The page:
"a fish, a barrel, and a smoking gun"
for 6 April 1999. Updated every WEEKDAY.
Nothing But Bombs



The trendiest way of

communicating in the twilight of

the second millennium isn't

digital at all. It's the

rocket's red glare that is

giving word, through the Serbian

night of television censorship

and destroyed communications,

that civilized nations are still

there. Bombs are taking center

stage in the European theater as

Commodore 64s and Minitel

terminals cavort clunkily in the



The primary purpose of every

recent aerial attack is not to

destroy but to "send a

message," a phrase heard often

when bombastic invectives were

being unleashed against Iraq. As

Clinton described in the current

war's the-bombing-begins-in-

five-minutes speech, the goal of

this latest barrage is to pound

home NATO's ultimatum. The

bombing could also damage the

military power of Milosevic's

Serbian army, he mentioned - "if



Although once thought to be

different kinds of things, a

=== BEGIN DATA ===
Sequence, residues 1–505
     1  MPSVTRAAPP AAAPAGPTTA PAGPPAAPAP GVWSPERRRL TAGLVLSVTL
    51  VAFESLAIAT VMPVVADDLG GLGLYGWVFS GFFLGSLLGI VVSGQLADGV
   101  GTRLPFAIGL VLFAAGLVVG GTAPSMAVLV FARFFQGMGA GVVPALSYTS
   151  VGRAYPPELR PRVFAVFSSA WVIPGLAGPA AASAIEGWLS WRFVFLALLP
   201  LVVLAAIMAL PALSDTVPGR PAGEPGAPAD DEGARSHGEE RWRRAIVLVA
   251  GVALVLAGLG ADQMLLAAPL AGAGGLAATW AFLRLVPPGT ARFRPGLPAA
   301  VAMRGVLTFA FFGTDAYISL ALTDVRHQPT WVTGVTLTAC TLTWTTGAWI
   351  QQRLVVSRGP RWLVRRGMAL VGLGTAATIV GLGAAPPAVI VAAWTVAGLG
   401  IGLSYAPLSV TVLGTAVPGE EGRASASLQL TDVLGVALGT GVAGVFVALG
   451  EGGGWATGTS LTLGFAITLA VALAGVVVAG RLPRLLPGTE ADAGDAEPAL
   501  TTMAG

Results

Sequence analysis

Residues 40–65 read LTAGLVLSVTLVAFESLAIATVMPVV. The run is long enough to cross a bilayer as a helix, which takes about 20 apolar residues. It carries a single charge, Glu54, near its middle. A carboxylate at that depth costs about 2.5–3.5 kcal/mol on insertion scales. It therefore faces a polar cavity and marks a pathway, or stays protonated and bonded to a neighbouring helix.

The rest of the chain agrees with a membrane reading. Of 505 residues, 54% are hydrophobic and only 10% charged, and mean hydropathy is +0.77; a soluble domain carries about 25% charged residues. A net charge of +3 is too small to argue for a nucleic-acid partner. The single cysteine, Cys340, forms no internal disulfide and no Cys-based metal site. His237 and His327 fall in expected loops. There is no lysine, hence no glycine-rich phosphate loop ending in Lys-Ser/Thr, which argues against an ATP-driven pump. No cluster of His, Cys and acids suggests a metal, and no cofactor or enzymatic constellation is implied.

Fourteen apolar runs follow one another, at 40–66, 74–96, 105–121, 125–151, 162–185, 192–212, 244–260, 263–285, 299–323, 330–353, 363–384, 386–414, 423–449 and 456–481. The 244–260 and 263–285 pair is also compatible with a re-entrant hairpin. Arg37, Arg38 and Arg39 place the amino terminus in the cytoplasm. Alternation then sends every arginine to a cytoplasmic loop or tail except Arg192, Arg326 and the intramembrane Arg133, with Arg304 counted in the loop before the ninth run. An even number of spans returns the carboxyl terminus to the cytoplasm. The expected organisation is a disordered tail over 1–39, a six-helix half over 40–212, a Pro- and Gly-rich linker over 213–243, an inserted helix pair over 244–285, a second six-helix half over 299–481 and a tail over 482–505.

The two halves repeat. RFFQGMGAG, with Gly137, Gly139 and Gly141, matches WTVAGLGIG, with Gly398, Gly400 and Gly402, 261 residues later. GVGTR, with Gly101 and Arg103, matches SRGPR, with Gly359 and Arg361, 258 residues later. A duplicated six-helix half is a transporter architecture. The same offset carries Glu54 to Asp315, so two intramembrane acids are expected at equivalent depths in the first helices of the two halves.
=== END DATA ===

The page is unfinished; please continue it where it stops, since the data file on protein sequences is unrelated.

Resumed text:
reading of a United Nations

ordinance and a successfully

delivered Allied ordnance are

both simply media of

communication. A missile is a

missive. The true qualities of

these weapons can't be found

listed on the spec sheet

alongside range and lethality

figures. The only way to get a

good exploded view of bombs is

to examine them under the

magnifying lens of media

criticism - away from the heat

of direct sunlight, of course.



Not only are bombs a medium of

communication, they're a far

hipper means than digital media.

Think about it: You wouldn't say

"da Web" to refer to the coolest

shit in the world. Bombs are so

chic that if missile cachet

keeps growing the way it has

been, NATO gray might be this

season's black. The same

certainly can't be said for RGB

192,192,192. The Darpa-funded

Internet might be able to resist

devastation by bombs, but that

won't save it from becoming

unfashionable in the contrail of

a more spectacular medium.


The movies bear this out as

well. For every film that

prominently features the